A combination of energy forms and innovative processes can generate the best method for laser material processing
By Wenwu Zhang
Lasers play an increasingly important role in modern science and engineering. To better uncover lasers' potential, laser energy should be treated as a common energy field used in engineering. This paper will reflect on the process of liquid core fiber laser machining, followed by a brief introduction on the methodology of Intelligent Energy Field Manufacturing. Finally, future trends in laser material processing will be discussed. Lasers are an amazing tool, but marketwise, they have not reached our expectations.
2010 marked the 50th anniversary of the first functioning laser. Laser energy is amazing in many ways. It can be highly collimated; thus, one can send a signal to the moon and still measure the reflected signal. It is monochromatic, which allows it to be used in precision metrology. It can easily be focused down to sub-100 micron spot sizes or operated on the femtosecond (10-15 s) time scale, which enables an individual laser pulse to locally exceed the material damage threshold and be used for material processing. Multiple laser beams can be combined into a single beam so that the resultant beam can be used to study nuclear fusion in the national labs. Beyond these facts, the military has recently used lasers to test the missile defense system, and optical fiber-based communication has enabled a flatter world.
There are plenty of achievements one should feel proud of in laser technology. For laser material processing in particular, few other energy forms can compare with laser in its versatility, its flexibility, its quality, or its spatial resolution. Laser is a source for concentrated and coherent photon energy. As long as the laser energy can be absorbed by a target material, this target will be heated or ablated independent of how hard it is or how soft it is. To attain the required spatial resolution, one can use ultraviolet (UV) or infrared (IR) laser beam or femtosecond pulse durations to achieve millimeter to nanometer spot sizes. When processing speed is needed, one can use high power and/or high repetition rate systems. With this versatility, it is not surprising that laser processing has achieved widespread applications in cutting, welding, marking, drilling, and surface texturing. There are also other applications that have shown the laser to be a very competitive tool to accomplish improved speed and quality in three-dimensional (3D) manufacturing, surface treatment, and surface cleaning.
Given its flexibility, laser still has not penetrated into many adjacent arenas. While the world laser market is expected to reach 8 billion in 2012 according to a recent projection from Photonics West 2011, what is limiting the speed of market penetration?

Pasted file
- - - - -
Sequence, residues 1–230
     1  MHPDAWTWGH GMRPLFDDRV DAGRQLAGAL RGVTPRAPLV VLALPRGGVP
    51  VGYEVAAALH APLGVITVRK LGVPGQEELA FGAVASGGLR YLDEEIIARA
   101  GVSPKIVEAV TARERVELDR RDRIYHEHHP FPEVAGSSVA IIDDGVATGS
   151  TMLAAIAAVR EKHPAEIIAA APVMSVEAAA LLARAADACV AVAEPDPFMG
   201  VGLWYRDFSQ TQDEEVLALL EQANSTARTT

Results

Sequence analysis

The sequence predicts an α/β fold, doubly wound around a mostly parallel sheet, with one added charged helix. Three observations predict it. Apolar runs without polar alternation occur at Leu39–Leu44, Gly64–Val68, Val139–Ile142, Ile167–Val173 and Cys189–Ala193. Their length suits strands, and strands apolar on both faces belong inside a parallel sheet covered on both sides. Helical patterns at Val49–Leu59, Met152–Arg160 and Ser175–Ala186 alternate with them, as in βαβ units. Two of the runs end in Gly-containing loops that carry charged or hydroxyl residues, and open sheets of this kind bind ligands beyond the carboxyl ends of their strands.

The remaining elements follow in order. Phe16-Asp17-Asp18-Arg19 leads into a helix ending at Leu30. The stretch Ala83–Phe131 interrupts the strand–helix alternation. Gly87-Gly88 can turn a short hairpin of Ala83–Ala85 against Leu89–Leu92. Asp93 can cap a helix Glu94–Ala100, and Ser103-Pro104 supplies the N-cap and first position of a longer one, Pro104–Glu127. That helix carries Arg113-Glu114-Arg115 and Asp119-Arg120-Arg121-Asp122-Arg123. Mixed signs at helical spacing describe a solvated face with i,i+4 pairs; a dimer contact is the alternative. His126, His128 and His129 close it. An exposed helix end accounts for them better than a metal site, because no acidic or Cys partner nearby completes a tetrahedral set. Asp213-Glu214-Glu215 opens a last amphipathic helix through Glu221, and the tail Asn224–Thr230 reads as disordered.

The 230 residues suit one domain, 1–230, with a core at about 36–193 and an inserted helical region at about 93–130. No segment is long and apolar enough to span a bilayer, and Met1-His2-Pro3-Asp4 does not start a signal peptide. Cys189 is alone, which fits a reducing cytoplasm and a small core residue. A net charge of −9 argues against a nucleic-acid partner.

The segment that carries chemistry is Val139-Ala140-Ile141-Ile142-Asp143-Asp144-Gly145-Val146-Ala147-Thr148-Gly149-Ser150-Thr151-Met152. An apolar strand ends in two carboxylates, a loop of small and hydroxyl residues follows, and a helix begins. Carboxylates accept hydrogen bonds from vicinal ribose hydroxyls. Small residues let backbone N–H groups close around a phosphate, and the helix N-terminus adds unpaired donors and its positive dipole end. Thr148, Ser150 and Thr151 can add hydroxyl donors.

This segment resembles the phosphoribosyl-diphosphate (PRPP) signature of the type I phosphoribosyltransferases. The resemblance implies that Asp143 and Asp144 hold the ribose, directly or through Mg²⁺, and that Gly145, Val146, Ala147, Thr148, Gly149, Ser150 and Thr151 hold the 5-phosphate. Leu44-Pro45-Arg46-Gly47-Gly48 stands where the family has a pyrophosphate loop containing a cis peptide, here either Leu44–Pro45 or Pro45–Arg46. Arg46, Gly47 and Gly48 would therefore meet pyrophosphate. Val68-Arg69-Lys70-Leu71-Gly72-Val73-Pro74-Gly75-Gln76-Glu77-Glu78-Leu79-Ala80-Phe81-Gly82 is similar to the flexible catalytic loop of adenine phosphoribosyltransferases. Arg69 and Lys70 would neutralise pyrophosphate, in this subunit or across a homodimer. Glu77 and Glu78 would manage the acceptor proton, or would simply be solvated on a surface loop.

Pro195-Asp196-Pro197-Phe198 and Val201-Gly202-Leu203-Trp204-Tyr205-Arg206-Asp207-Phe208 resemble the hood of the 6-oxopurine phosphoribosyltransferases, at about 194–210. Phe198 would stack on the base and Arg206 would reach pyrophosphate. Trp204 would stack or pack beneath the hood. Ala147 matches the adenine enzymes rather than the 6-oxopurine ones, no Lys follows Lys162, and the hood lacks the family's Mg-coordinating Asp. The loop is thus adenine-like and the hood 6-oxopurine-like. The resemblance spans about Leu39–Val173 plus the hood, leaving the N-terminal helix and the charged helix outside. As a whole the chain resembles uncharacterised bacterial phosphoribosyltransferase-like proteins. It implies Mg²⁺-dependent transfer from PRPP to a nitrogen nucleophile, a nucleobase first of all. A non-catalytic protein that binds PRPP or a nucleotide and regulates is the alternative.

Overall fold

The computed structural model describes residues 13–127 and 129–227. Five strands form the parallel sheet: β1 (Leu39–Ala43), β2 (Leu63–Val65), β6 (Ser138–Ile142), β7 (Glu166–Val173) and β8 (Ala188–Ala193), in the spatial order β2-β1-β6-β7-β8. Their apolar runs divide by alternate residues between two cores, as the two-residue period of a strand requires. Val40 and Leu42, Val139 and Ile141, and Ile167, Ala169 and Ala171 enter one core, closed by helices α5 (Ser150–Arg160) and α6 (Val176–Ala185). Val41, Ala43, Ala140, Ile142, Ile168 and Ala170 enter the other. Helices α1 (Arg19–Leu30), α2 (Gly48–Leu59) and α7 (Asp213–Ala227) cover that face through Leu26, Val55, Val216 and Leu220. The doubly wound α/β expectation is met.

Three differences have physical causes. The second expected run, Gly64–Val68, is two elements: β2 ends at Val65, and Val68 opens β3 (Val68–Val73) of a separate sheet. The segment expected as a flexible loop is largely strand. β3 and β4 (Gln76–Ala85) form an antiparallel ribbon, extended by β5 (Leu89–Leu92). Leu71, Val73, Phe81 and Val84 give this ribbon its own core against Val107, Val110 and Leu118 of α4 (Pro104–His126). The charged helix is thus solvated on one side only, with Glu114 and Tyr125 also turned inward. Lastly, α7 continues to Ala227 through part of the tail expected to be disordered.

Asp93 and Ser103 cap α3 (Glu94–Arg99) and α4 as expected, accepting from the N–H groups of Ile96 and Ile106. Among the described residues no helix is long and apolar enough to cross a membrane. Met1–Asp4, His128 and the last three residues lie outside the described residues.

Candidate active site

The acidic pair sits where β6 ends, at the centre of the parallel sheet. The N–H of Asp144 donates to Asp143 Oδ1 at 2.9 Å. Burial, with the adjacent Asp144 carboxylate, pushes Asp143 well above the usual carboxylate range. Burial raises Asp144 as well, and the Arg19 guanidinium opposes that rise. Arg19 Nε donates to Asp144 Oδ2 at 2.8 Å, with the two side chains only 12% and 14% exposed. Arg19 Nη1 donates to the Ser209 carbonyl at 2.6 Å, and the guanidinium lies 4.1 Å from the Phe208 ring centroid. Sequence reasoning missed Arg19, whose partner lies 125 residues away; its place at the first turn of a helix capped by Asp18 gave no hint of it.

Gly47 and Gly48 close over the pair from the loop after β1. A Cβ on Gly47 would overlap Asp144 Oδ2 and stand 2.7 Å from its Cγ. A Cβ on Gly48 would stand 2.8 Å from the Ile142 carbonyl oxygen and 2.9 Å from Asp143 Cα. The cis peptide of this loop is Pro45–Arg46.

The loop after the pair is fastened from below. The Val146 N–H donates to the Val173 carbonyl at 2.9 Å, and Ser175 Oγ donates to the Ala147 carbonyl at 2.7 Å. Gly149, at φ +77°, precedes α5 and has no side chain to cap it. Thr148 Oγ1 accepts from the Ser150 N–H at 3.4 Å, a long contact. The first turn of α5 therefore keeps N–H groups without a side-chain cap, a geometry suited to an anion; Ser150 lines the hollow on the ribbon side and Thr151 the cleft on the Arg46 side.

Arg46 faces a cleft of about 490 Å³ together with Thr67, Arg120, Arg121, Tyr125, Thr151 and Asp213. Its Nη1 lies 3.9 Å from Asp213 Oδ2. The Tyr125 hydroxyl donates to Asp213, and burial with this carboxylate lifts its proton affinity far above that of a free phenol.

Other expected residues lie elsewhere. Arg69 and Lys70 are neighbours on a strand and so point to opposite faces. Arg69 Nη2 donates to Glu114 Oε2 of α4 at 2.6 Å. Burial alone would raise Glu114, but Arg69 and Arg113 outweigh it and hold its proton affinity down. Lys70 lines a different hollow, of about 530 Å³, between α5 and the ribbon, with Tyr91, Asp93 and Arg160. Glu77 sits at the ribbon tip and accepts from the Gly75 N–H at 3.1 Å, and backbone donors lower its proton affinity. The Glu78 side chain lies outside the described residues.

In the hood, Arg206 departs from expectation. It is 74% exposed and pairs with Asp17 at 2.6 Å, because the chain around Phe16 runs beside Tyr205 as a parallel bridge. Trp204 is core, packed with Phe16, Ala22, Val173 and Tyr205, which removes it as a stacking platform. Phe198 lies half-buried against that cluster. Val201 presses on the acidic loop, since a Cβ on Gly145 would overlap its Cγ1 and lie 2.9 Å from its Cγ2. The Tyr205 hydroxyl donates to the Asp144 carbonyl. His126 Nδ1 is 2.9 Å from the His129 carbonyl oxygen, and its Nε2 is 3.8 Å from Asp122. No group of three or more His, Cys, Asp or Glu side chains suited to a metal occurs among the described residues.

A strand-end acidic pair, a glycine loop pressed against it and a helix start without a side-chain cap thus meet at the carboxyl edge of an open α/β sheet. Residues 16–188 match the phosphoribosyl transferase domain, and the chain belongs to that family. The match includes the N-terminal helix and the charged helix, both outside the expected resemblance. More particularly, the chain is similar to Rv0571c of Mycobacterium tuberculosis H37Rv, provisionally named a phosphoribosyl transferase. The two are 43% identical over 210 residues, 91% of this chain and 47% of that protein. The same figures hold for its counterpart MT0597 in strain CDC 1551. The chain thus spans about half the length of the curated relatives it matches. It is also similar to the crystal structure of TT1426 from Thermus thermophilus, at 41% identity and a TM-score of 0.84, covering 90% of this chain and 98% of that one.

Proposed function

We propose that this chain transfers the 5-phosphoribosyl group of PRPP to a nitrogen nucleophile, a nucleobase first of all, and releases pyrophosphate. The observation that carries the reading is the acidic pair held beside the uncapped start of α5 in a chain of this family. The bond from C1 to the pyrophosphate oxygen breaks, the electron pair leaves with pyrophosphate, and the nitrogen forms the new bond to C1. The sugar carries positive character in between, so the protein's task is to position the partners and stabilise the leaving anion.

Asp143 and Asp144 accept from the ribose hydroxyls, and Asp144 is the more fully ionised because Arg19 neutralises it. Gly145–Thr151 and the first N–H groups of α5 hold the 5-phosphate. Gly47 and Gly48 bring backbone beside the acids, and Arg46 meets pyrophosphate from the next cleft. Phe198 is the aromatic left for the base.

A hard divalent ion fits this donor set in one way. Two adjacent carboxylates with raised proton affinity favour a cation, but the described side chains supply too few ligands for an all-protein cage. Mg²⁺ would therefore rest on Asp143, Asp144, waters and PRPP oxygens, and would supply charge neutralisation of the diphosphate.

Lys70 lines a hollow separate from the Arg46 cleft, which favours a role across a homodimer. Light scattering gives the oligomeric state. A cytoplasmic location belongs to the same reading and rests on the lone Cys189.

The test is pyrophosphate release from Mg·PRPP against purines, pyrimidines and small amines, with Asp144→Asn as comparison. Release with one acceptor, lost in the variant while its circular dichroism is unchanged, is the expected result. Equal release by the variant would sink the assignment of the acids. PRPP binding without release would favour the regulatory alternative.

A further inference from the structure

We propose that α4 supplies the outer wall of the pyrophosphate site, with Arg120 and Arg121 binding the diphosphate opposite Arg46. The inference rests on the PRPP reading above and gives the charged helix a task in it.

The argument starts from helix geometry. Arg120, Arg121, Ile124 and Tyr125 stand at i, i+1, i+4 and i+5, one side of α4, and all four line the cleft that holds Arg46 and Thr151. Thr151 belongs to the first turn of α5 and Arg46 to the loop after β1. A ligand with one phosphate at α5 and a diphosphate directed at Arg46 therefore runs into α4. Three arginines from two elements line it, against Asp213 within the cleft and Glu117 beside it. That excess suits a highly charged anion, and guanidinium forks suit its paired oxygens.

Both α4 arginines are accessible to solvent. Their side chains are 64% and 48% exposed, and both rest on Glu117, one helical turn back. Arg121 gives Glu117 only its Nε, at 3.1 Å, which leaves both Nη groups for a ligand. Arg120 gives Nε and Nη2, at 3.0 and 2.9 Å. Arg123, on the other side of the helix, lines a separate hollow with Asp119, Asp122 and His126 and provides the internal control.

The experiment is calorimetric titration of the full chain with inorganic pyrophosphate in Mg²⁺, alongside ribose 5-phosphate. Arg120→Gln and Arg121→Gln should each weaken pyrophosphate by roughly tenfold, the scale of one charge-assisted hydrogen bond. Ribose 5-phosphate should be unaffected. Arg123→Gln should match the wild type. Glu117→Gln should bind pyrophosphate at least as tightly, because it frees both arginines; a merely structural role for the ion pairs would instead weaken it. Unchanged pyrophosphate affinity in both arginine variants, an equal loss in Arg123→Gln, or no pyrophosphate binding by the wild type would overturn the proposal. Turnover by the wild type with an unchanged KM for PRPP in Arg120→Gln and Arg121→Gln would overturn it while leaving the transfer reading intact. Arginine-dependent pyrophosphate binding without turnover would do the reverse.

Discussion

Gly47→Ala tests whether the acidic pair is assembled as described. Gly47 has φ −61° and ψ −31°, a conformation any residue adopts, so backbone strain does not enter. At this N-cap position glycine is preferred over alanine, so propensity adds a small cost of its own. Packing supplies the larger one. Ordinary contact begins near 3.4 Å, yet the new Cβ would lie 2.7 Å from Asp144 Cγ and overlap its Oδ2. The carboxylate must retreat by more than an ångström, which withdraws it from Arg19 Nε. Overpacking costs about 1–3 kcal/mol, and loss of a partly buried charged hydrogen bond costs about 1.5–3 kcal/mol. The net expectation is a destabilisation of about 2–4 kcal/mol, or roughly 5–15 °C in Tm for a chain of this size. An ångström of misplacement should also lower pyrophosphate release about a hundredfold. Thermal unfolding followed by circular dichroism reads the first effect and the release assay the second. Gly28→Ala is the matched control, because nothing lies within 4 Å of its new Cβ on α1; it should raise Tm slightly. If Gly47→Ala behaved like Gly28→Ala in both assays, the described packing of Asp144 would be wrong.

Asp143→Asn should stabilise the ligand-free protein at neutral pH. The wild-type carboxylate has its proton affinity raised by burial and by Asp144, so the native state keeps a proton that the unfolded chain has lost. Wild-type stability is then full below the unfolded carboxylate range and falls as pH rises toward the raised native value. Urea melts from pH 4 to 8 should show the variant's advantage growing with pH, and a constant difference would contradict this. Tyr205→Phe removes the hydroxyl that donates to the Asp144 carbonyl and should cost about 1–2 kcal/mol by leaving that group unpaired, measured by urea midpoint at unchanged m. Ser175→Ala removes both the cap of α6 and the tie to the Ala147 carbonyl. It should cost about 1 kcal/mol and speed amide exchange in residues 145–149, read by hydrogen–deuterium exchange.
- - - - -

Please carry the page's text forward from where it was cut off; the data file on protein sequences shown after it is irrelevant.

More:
One potential factor affecting the speed may be that the cost of implementing laser technology is high, both financially and in terms of the skills required to develop and insert laser solutions into production. In addition, the broader laser community has often been accused of not aligning either laser technology or laser processing solutions with customer needs.
The laser lab in GE Global Research serves all of the GE businesses, including GE Aviation, GE Energy, GE Oil & Gas, and GE Healthcare. Based on experience working with such a diverse customer base, lasers often compete against more mature, often less expensive processes. As a result, laser-based solutions are most successful when they accomplish a goal that cannot be reached another way. In the following, two illustrative examples of how lasers have fared against competing technologies – laser hole drilling of acoustic panels and laser dicing of cadmium zinc telluride (CZT) wafers – will be discussed.
Reflection on laser acoustic hole drilling
In 2005, the laser lab was approached to investigate the feasibility of high speed drilling of composite acoustic panels. These holes are used as damping structures in aircraft engines. In an acoustic panel, there can be as many as 500,000 holes that have to be drilled into the 0.09 inch thick polymer matrix composite (PMC) panels. With a special CNC machine, one can drill ~2 holes per second when multiple drill heads are used. The process that is used induces substantial tool wear and generates back side delamination. Additionally, the drill bits used to produce these holes have to be replaced approximately every 200 holes.
Using lasers, it was possible to demonstrate suitable hole drilling quality at a rate of 2.2 holes per second. So, lasers could drill at comparable speed to the conventional process and demonstrated negligible tool wear and heat affected zones. Unfortunately, the process also induced discoloration on the samples, which the customer disliked. In addition, the substantiation procedure to qualify the laser process for production was lengthy. Also, the customer was concerned about practically implanting the technology.
In short, laser processing was still viewed as a "high risk" given that there was already a process that could do the job. Also, they did not have people trained to operate high power lasers. Thus, while laser drilling of acoustic holes showed good promise, it was not adopted as a solution yet.